Thinking of buying Apple’s new Mac mini? Make sure you get plenty of RAM when you place your order. Unlike its predecessors, the new machine’s RAM is soldered to the logic board, so you’re unable to add your own later on.
If you plan on buying one of Apple’s new 21.5-inch iMacs for $1,099 and then upgrading internal components yourself later on, then listen up. Upgrade experts OWC have torn down the new entry-level all-in-one and discovered that its memory is soldered to the motherboard and cannot be upgraded.
For years, Apple has been saying its set-top box, the Apple TV, was a mere “hobby,” and Apple.com reflected that distinction, listing the Apple TV as an accessory instead of a product worthy of its own Apple Store section.
Well, no longer. Today, Apple upgraded the Apple TV to the status of full product line on Apple.com alongside the Mac, iPod, iPhone and iPad. There’s now a dedicated Apple TV section, as well as a section for Apple TV accessories, Community Q&A and more.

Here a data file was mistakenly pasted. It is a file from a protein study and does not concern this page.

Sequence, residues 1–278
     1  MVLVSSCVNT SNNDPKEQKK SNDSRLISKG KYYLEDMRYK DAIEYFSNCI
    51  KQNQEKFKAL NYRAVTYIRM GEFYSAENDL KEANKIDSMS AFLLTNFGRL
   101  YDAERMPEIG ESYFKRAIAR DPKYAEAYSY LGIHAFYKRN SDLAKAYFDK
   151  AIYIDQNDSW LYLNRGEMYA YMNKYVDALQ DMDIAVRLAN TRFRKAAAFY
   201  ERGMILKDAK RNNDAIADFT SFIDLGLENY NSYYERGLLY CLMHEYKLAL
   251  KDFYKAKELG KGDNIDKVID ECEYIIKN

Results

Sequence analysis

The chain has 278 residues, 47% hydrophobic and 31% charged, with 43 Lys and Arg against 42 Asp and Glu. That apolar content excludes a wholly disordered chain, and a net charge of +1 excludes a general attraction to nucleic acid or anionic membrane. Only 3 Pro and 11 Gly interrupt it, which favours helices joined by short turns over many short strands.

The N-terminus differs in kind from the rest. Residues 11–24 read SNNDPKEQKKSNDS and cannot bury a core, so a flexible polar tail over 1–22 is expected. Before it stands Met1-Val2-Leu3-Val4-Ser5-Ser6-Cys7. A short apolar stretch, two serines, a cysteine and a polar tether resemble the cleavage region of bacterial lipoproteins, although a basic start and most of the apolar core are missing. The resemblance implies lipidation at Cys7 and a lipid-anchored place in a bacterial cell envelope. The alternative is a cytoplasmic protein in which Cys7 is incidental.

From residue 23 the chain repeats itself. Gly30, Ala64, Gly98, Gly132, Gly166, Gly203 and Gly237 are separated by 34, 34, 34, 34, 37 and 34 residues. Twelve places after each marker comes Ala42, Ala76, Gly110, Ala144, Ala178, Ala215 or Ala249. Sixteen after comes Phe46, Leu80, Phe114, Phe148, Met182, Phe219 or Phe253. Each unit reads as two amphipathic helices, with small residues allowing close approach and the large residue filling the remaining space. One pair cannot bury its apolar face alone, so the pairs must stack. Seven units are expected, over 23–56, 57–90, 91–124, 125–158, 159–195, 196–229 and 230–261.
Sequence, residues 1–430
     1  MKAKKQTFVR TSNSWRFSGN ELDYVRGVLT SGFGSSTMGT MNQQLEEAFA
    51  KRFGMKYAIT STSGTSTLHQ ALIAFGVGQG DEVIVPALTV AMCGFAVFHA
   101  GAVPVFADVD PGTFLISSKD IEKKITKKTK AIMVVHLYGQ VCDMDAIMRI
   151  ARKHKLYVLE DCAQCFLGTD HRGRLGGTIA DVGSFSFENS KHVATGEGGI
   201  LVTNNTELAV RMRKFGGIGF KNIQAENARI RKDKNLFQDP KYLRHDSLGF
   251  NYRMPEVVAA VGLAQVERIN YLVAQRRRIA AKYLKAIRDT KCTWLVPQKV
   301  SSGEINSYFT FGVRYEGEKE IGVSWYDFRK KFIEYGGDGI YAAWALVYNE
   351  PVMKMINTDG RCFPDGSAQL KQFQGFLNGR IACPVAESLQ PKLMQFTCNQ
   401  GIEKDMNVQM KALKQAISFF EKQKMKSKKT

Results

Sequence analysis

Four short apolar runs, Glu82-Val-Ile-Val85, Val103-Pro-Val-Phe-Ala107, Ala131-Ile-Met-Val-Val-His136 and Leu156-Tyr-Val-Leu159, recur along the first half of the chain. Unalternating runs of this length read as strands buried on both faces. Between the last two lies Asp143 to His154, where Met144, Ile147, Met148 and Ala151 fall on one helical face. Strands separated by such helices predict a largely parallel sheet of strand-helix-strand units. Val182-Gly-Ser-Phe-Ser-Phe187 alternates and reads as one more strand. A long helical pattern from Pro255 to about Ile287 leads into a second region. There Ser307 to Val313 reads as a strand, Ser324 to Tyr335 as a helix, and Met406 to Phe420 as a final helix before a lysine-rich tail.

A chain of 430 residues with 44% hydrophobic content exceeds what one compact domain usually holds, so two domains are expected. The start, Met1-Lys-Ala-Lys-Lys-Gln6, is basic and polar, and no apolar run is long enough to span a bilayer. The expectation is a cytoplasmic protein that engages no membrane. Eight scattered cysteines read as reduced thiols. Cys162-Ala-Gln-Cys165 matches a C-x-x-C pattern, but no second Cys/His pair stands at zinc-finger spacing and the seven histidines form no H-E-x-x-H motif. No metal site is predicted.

It’s hard to think this timing is a coincidence, given the fact that a new Apple TV update with a focus on gaming is expected soon. Apple’s about to double down on the living room, methinks, and this is just the first sign.
If you’re a Google Glass Explorer who paid $1,500 to get your hands on the device early, then you can expect to receive an email from Google inviting you to upgrade to the latest model free of charge. The design of the new wearable remains the same, but it’s not more durable and slightly faster.
While Apple’s iLife and iWork software suites are considerably cheaper than competing products from rival companies, there’s still a bunch of people who would rather download them illegally than have to fork out the $20 fee for each app. And believe it or not, those who do will get a free upgrade to the latest versions direct from Apple.
When the Cupertino company pushed out its latest OS X apps following the iPad event earlier this week, anyone who had already installed the apps on their Mac was entitled to the latest version for free — even if the were using trial software, or they had downloaded the apps illegally.
Apple knows this, and it says it wasn’t just a bug. It also accepts that it’s easy to pirate its software — but it would rather trust you not to than implement some cumbersome anti-piracy feature.